Quality sleep is a skill that can be improved with specific behaviours and strategies. However, it is often said that the harder a person tries to sleep, the more challenging it becomes. Intrusive thoughts are a common roadblock to a good night's sleep. They might revolve around concerns like, “I have to get to sleep!”, or “If I don't get to sleep now, tomorrow will be a disaster.” Our minds tend to wander, and may cause us to replay and dwell on events from the previous day, such as conversations or actions taken or missed.
Here are some tips to deal with intrusive thoughts:
Recognize the Truth
When faced with thoughts such as “I have to go to sleep. If I don't go to sleep, tomorrow's going to be terrible,” it’s important to recognize that this statement is not necessarily true. Most people have experienced a night or two of poor sleep and still managed to function just fine the following day, despite feeling tired.
One very effective way to deal with intrusive thoughts, whether they are related to the day’s events or are self-critical-conclusions such as, “I'm a terrible lawyer. I can't believe I lost the trial - I'm going to get fired” - is to resist these unhelpful thought patterns. Instead of allowing thoughts to spiral into a doomsday scenario, a more constructive approach is to ask, “What do I know is true?” What you know may be that you need to prepare a better opening statement next time. Examining thoughts through a critical lens helps to separate baseless fears from actual facts. This helps maintain a healthier, more grounded outlook.
Those that find themself stewing over mistakes made at work might try exploring different perspectives, shifting from a place of self-criticism to self-compassion. If you made a big mistake at work, recognize and acknowledge that every lawyer makes mistakes. Consider, how would you talk to a close friend or family member who made a similar mistake? Treat yourself with that same kindness and gentleness. Including touch can strengthen self-compassion, such as placing your hand over your heart or stroking your arm.
Learning to disengage is a valuable skill when dealing with intrusive thoughts. The key is to recognize that not all thoughts require attention or warrant the energy invested in them. Visualizing an unhelpful thought as a cloud passing by, a wave receding into the sea, or even as a leaf floating away down a creek can help. With this visualization, it is possible to detach from intrusive thoughts and reduce their hold.
Prioritize Rest Over Sleep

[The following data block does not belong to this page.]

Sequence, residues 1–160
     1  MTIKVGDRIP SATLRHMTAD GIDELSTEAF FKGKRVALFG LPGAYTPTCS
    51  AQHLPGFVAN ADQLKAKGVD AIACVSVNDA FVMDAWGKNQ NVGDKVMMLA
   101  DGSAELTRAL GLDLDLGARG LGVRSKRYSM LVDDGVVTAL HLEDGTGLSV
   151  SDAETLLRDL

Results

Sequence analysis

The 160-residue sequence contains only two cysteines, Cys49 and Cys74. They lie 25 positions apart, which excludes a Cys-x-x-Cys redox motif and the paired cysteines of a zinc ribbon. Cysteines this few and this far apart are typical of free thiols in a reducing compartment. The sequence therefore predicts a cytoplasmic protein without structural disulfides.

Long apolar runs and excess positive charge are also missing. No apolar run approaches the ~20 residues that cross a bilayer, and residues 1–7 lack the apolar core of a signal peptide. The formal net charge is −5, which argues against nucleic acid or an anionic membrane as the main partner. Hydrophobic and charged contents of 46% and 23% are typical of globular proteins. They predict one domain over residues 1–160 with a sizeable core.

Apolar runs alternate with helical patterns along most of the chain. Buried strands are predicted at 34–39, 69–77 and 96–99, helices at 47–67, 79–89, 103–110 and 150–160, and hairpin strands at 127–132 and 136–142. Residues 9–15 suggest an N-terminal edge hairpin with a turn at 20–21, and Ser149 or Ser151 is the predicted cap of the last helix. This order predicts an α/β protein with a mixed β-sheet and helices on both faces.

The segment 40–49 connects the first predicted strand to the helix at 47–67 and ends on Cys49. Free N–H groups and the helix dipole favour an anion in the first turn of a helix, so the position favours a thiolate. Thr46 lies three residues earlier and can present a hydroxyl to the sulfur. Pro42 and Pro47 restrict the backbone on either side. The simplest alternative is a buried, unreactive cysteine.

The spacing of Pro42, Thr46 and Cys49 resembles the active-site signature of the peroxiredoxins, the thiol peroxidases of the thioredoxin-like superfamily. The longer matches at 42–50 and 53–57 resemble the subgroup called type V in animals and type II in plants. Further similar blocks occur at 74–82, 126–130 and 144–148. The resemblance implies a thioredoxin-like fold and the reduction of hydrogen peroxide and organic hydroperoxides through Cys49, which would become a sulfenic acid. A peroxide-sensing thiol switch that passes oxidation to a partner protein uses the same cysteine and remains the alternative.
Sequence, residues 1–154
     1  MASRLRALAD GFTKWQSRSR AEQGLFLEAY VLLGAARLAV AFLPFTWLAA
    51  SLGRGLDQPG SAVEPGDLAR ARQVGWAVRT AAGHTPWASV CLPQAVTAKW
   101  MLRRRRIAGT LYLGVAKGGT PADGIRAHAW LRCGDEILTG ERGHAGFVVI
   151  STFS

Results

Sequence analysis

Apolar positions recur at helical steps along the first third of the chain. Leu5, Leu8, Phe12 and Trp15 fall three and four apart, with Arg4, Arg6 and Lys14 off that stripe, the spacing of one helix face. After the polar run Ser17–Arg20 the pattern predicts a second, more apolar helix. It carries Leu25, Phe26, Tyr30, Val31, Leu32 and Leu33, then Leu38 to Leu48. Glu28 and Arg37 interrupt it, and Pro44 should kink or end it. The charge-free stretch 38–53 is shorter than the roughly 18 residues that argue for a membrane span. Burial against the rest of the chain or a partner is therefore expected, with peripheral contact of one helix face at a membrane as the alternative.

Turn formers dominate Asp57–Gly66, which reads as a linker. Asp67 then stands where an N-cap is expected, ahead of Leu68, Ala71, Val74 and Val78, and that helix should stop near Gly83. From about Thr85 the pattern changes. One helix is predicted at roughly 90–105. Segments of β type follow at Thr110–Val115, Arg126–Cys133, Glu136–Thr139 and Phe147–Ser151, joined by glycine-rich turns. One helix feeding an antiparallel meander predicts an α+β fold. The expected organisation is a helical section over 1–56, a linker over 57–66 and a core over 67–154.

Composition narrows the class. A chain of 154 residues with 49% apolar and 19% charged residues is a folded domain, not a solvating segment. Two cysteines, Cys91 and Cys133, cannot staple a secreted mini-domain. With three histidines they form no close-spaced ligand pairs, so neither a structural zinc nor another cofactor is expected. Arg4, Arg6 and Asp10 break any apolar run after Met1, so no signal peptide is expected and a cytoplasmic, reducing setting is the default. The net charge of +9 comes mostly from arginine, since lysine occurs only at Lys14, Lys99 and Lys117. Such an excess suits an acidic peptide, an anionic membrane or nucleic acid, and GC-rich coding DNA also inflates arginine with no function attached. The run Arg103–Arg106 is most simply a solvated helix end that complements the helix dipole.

When struggling with sleep and intrusive thoughts, it can be valuable to focus on rest, whether sleep happens or not. This shift in perspective is helpful because, at times, sleep may remain elusive, despite best efforts. In these moments, it can help to adopt a simple yet powerful mantra, “Whether I fall asleep or not, I am giving my body rest.” Allow your body to sink in and be supported by the bed.
This reduces the pressure and anxiety associated with sleeplessness. When the expectation of immediate slumber is released, the mind becomes more receptive to relaxation. This, in turn, can make it easier to let go of worrying over being awake and, at the same time, appreciate this opportunity for rest.
If intrusive thoughts keep you awake at bedtime, try these things:
Remember that achieving quality sleep is a skill and there are certain behaviours that can be implemented to improve it. The ideal duration of sleep can vary from person to person, so discovering our own “sweet spot” is key. Additionally, it is important to maintain a consistent wake-up time each morning. For those struggling with persistent sleep problems, this should be practiced seven days a week to anchor the body's circadian rhythm.
Establishing good sleep hygiene is another way to improve sleep. This includes steering clear of alcohol, caffeine and vigorous exercise in the hours leading up to bedtime. Creating a structured “wind-down” routine, and preparing the body for rest can also significantly improve sleep quality.
Creating an environment conducive to sleep is very important. This means minimizing artificial light, especially in the bedroom, and ensuring that the bedroom is as dark as possible. Upon waking up, it is advisable to get outside in the natural light as quickly as possible. In situations where this isn’t feasible, investing in a “happy light” might be helpful.
When faced with a middle-of-the-night wake-up, lasting for 20 or 30 minutes, it can help to get out of bed and do something boring. Even switching to a different bed or moving to the couch can help to break the cycle of restlessness. Relaxation exercises are another option to help promote better sleep.
If you struggle with sleep challenges, don’t lose hope. These strategies can be effective, but they require patience. Avoid “throwing in the pillow” prematurely; give the strategies time to work. If the problem persists after trying these tips, you may want to seek out the guidance of a sleep specialist who can provide tailored solutions to your unique sleep needs. Good night!